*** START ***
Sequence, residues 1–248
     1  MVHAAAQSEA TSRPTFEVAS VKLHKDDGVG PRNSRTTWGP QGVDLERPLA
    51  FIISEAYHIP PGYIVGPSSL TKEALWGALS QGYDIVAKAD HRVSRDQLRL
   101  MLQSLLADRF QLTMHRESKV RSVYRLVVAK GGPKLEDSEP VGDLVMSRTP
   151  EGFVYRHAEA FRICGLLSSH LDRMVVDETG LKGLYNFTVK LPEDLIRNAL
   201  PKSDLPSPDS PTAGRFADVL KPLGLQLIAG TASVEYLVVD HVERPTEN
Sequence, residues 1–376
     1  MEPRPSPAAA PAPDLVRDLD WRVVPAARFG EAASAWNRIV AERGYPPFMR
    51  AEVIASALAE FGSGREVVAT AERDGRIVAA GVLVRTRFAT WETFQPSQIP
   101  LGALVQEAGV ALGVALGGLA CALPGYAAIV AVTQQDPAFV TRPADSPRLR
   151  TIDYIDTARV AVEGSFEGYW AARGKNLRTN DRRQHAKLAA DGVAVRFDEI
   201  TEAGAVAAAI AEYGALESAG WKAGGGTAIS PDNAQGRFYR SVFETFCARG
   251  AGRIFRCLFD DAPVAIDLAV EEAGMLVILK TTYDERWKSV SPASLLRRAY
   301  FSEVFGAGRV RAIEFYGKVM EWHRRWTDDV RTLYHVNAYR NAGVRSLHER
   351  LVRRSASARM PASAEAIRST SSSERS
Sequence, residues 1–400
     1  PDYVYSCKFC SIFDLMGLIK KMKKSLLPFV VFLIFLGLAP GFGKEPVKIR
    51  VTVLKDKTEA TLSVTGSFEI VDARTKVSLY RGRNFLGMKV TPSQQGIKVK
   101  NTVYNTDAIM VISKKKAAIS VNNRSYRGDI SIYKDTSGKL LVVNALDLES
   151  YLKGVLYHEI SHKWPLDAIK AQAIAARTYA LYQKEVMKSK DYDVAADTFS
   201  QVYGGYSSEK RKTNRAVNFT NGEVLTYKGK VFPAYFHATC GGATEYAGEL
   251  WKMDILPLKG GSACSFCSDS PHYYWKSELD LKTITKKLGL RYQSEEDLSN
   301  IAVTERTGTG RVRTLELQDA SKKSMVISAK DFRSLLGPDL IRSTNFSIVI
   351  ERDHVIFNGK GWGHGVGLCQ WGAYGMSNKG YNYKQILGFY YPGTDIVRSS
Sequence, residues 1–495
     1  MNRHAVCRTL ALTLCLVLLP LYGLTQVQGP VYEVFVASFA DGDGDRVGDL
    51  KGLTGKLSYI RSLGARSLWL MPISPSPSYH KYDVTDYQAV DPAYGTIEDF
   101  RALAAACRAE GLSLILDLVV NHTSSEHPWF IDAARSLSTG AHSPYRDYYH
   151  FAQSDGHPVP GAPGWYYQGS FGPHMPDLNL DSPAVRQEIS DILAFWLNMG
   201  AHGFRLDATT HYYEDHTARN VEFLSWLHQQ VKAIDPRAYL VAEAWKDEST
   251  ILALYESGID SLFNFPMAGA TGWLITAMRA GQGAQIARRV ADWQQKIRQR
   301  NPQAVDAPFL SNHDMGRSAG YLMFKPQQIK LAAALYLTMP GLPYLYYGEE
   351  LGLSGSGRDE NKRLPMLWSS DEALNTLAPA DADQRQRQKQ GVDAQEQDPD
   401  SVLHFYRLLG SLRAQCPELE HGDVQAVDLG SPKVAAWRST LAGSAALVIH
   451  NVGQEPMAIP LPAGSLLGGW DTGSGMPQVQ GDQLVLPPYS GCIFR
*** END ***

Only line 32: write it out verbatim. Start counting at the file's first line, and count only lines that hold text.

   301  NPQAVDAPFL SNHDMGRSAG YLMFKPQQIK LAAALYLTMP GLPYLYYGEE